CRANSTON – For Ashley Kalus, the challenge of Tuesday was simple: remind people there’s a Republican primary for governor.
She was, indeed, on the ballot, facing Jonathan Riccitelli, of Exeter, who has been arrested and admitted to criminal offenses ranging from obstructing police officers to assault. The race hasn’t gotten much attention. Kalus’ campaign spending has dwarfed Riccitelli’s, and the Republican Party apparatus is openly supporting Kalus, a businesswoman who lives in Newport.
Kalus won handily, garnering 83.7 percent of the vote. She already has an eye on November, when, assuming she wins, as expected, she’ll face the winner of the Democratic primary.
Or as she puts it as she makes her case outside the Daniel D. Waterman Elementary School in Cranston: “When the polls close, we will know whatever insider and career politician comes out” of the Democratic side.
”The real question is, does Rhode Island want change?” Kalus said. “Or do we want to continue down the same path that really hasn’t delivered results to Rhode Island?”
Kalus was surrounded by signs and volunteers for Democratic, not Republican, candidates on Pontiac Avenue in Cranston Tuesday afternoon. But Kalus, who arrived in a 35-foot-long RV emblazoned with her picture and campaign messages, will have to make inroads in Democratic-heavy Rhode Island if she’s going to win the governorship.
At one point Tuesday afternoon, as rain started to drizzle, she introduced herself to a campaign staffer for David Segal, a progressive congressional candidate, who seemed surprised.
”I’m not the type of person who won’t say hello,” Kalus said with a smile.
Nicole Renzulli, a Republican Cranston councilwoman, said it’s this sort of personable, hands-on, moderate approach that could win the governorship for the GOP. Renzulli is up this year for re-election but doesn’t have a primary Tuesday.
”They like that she’s a real person,” Renzulli said. “A mom, a woman, a business owner – I think they really like that about her. And that she’s out here talking to people.”
Rhode Island Democrats have yet to pick their nominee for governor, but a group backed by the Democratic Governors Association has already launched an ad attacking Kalus.
“Republican Ashley Kalus recently moved to Rhode Island,” the ad says. “It shows.”
The ad also takes aim at Kalus’s stance on reproductive rights, quoting a clip from a TV interview in which she described herself as pro-life and saying that she would not have supported the 2019 Reproductive Privacy Act, which aims to protect abortion rights in the state. “But Kalus, backed by anti-choice extremists, wouldn’t have signed that law,” the ad says. “Ashley Kalus. Out of State. Out of Touch. Anti-Choice.”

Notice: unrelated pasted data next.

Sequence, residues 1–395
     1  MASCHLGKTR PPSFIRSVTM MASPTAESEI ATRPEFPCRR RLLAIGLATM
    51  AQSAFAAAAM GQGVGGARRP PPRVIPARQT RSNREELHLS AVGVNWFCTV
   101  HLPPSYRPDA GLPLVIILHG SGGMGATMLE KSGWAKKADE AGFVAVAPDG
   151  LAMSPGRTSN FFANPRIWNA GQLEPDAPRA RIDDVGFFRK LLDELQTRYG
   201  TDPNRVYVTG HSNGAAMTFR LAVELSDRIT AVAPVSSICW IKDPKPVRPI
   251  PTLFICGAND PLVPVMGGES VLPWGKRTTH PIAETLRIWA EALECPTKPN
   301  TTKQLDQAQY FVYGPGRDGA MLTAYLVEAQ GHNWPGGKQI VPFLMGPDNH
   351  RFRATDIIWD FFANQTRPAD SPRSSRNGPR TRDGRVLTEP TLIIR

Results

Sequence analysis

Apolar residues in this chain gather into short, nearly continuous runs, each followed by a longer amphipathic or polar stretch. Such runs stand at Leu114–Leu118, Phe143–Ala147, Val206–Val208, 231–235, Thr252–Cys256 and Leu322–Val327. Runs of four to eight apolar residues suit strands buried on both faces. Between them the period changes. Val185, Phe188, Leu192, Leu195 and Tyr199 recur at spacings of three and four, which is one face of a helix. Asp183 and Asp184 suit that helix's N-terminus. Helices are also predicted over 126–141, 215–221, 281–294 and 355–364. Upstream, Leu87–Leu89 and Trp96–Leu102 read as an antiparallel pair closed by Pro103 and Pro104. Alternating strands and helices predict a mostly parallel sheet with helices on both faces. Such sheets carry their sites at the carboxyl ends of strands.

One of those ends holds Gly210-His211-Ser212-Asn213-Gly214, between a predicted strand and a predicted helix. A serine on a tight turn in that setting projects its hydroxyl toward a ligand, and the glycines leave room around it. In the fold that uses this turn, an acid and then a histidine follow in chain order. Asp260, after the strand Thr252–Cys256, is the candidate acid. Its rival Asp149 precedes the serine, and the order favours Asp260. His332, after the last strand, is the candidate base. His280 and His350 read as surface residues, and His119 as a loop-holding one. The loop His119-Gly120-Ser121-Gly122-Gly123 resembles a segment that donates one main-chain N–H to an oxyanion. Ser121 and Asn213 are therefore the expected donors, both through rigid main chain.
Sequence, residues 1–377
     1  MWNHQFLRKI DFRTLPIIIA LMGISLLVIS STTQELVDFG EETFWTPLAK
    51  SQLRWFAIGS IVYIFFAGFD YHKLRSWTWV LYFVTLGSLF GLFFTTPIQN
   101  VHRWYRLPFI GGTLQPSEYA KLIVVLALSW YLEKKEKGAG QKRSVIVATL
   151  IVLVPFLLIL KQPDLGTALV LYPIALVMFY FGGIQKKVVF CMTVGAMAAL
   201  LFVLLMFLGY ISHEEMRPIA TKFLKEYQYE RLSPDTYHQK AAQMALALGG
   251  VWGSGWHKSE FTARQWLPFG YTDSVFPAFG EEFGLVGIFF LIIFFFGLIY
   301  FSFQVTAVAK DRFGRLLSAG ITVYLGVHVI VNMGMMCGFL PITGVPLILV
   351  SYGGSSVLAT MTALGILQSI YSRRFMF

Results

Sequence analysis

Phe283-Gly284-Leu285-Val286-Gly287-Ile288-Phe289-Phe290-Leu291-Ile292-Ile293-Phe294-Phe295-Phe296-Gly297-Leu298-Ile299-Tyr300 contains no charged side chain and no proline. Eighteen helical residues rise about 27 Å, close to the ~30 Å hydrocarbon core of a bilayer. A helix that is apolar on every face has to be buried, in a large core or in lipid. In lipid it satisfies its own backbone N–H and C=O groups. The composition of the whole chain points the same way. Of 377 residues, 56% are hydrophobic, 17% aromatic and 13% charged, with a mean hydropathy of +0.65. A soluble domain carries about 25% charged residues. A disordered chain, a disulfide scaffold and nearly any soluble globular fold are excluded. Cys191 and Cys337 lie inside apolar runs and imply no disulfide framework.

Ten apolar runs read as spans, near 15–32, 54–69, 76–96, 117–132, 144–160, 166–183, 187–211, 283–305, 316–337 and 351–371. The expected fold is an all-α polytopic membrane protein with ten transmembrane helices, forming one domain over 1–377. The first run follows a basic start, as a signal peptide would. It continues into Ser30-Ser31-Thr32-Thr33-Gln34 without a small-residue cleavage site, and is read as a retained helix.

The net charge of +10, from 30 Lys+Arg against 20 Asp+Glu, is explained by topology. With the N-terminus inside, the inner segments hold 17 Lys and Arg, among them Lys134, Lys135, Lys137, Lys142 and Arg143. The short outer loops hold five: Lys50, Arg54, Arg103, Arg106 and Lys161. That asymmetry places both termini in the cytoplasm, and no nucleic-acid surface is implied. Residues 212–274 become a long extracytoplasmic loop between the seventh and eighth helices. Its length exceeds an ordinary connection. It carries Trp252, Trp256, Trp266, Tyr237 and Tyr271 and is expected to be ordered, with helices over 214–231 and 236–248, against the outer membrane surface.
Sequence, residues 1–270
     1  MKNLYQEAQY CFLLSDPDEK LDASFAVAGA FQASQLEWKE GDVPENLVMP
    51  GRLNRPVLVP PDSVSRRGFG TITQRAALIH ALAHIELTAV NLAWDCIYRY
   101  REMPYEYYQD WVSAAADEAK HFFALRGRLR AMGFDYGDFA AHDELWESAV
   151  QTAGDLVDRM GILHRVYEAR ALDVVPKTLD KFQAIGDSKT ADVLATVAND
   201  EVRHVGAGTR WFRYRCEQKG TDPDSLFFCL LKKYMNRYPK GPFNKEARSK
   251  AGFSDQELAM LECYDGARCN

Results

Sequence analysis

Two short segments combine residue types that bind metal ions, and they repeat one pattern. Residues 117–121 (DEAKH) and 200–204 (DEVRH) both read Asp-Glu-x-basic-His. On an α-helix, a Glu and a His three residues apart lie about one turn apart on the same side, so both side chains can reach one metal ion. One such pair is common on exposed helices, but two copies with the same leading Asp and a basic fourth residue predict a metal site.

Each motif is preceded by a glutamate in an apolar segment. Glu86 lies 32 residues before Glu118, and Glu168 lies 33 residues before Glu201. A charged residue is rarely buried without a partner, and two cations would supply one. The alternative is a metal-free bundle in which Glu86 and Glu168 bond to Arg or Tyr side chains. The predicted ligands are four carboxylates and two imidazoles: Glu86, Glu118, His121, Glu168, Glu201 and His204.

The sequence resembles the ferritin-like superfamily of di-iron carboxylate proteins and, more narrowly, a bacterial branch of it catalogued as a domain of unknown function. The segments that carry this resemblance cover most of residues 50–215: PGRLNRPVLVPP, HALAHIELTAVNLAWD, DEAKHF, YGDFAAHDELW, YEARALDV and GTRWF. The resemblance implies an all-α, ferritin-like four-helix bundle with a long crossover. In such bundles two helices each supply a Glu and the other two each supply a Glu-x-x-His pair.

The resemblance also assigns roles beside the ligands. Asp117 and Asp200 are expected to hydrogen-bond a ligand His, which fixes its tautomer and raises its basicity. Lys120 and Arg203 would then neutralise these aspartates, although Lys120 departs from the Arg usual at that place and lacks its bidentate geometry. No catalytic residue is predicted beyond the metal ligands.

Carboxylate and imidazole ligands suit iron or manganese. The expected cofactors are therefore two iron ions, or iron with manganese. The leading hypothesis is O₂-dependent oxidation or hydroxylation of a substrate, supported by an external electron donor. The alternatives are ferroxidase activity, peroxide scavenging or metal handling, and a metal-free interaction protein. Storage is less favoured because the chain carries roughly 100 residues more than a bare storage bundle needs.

The ad was paid for by Alliance for a Better Rhode Island, a political action committee funded by the Democratic Governors Association, which pumped $350,000 into the PAC on the eve of the primaries.
“We see that they are already attacking me,” Kalus said of the ad earlier in the day, while she at the Nathan Bishop Middle School polling site in Providence. in a 35-foot-long RV emblazoned with campaign messages. “It’s very early for an attack ad.”
In a tweet, Kalus said, “The D.C. insiders and elites are already attacking me on television on behalf of Governor (Daniel) McKee. They are obviously scared. They want to distract you from McKee’s failed record.”
Regarding abortion rights, Kalus said, “I’ve been very clear: The right to an abortion was codified in state law, so nothing will change in my administration. And that’s the truth. So I don’t know why they are running an ad that is misleading and false, because I’ve been very clear and on the record about that.”
Since the US Supreme Court overturned Roe v. Wade, many Democratic legislators have been pushing for the Equality in Abortion Coverage Act, which would provide for abortion coverage in the health insurance of Medicaid recipients and state employees.
If she becomes governor, Kalus said she would not sign that bill. “Like a majority of Rhode Islanders, I don’t support late-term abortions or taxpayer-funded abortions,” she said.
Kalus went into primary day with $549,424 in her campaign account – more than any of the Democratic candidates, according to reports filed with the state Board of Elections seven days before the primary.
Former CVS executive Helena Buonanno Foulkes had $130,864 in cash on hand, Secretary of State Nellie M. Gorbea had $114,629, McKee had $86,776, former secretary of state Matt Brown had $43,996, and Dr. Luis Daniel Muñoz had $996.
Still, Kalus says she’s ready for the attack line.
”When insiders have nothing to say,” she said, “they call you an outsider.”
This story has been updated with material from additional interviews with Kalus, and with results from the primary election.